July 26, 2019
HR Policy, along with the Society for Human Resource Management and the American Staffing Association, urged Congress to consider the unintended consequences of sweeping employee, contractor, agent, and job applicant data in with consumer data protections in a federal bill.
“Expanding privacy rights for American consumers via consumer privacy legislation should not undermine employers’ efforts to provide leading wages, benefits, and safe workplaces,” the letter reads. “Unfortunately, most federal and state consumer data privacy measures—including the California Consumer Privacy Act (CCPA)—would inadvertently make this trade-off.”
HR data in play in California: As it now stands, the CCPA covers HR data the same lines as consumer data, but there is recognition in hindsight that there are critical distinctions.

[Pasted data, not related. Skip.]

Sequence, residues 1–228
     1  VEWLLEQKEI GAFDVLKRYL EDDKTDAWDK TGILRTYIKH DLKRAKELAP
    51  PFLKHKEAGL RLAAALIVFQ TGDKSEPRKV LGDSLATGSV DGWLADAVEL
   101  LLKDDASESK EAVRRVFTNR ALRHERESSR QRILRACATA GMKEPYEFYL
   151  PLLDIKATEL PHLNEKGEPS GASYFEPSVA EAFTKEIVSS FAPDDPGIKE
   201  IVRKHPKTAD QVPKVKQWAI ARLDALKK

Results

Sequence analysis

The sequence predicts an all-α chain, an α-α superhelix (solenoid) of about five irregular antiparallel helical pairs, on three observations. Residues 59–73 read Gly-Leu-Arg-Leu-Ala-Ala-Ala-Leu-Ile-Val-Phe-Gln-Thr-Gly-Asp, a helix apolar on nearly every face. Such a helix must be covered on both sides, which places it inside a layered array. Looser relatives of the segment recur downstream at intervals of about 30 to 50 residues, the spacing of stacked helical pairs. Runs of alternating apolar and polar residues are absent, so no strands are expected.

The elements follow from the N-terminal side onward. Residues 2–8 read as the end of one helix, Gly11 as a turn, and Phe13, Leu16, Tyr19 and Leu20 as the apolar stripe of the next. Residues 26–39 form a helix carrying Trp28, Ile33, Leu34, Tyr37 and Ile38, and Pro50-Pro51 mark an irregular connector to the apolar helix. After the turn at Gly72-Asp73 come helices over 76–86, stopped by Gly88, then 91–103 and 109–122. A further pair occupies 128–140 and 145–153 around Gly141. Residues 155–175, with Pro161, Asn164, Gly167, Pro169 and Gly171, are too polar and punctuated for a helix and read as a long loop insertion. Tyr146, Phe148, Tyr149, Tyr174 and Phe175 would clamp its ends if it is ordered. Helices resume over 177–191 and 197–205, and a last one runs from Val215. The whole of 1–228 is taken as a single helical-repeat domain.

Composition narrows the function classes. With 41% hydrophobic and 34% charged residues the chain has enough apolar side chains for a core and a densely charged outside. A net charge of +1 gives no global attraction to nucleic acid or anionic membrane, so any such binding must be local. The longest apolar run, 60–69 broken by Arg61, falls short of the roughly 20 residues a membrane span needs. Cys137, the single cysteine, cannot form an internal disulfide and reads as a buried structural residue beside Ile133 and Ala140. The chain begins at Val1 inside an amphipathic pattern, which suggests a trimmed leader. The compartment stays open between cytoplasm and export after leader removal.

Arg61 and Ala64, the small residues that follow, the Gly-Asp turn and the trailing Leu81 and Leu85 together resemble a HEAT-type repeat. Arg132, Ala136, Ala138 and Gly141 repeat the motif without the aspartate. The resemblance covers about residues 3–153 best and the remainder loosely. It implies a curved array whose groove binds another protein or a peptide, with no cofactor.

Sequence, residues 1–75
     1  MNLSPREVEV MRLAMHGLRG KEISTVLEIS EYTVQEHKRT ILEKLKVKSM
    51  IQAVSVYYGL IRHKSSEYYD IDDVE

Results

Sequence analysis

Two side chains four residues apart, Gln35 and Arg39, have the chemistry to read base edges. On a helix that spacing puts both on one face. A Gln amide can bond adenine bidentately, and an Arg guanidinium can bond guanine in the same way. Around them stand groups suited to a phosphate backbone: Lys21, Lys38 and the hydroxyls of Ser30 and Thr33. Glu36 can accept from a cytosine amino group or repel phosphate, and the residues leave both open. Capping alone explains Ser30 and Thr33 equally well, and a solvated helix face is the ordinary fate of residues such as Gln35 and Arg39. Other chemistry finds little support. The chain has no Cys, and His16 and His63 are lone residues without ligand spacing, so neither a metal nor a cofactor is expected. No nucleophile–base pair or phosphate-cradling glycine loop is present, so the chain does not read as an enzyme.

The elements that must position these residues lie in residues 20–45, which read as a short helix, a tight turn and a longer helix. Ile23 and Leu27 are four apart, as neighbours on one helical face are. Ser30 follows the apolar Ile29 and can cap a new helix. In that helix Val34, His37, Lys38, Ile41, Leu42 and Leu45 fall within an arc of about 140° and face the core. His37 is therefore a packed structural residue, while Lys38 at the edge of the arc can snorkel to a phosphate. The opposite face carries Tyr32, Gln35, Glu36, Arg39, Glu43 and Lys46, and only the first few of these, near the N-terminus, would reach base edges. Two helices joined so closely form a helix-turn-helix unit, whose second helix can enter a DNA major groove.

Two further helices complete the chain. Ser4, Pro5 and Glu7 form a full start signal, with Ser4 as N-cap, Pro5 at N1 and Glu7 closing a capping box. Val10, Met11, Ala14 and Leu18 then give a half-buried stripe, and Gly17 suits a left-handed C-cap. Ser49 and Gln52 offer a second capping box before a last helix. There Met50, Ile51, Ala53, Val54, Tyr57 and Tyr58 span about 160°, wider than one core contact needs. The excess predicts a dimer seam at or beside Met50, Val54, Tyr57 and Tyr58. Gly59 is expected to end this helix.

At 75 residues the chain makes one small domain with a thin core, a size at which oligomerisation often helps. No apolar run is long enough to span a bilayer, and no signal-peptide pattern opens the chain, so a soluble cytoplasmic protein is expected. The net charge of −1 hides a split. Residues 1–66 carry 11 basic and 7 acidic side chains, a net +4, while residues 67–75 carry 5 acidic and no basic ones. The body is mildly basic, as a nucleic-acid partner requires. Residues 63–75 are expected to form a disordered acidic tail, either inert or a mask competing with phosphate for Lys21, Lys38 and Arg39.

The California Senate Judiciary Committee approved a bill passed by the Assembly (AB-25) that would exempt HR data from most provisions of the CCPA. But the committee added a one-year sunset in an attempt to push the California legislature toward passing a separate measure on HR data by 2021. Whether the full California Senate or, subsequently, the State Assembly will approve the change remains to be seen.
The committee also modified AB-25 to maintain CCPA coverage of HR data in certain cases:
• Employers would be required to inform employees about what information they are collecting and why they are collecting it, and
• The law’s private right of action in cases of a security breach would apply to HR data.
Why it matters: The remainder of the calendar year presents little opportunity for Congress to act on data privacy. Looking to next year, elections will restrict the time frame and atmosphere for new lawmaking. If the California Senate Judiciary Committee's version of AB-25 becomes law, however, we can expect a significant effort to regulate HR data in California, pushing the timetable for the issue up significantly.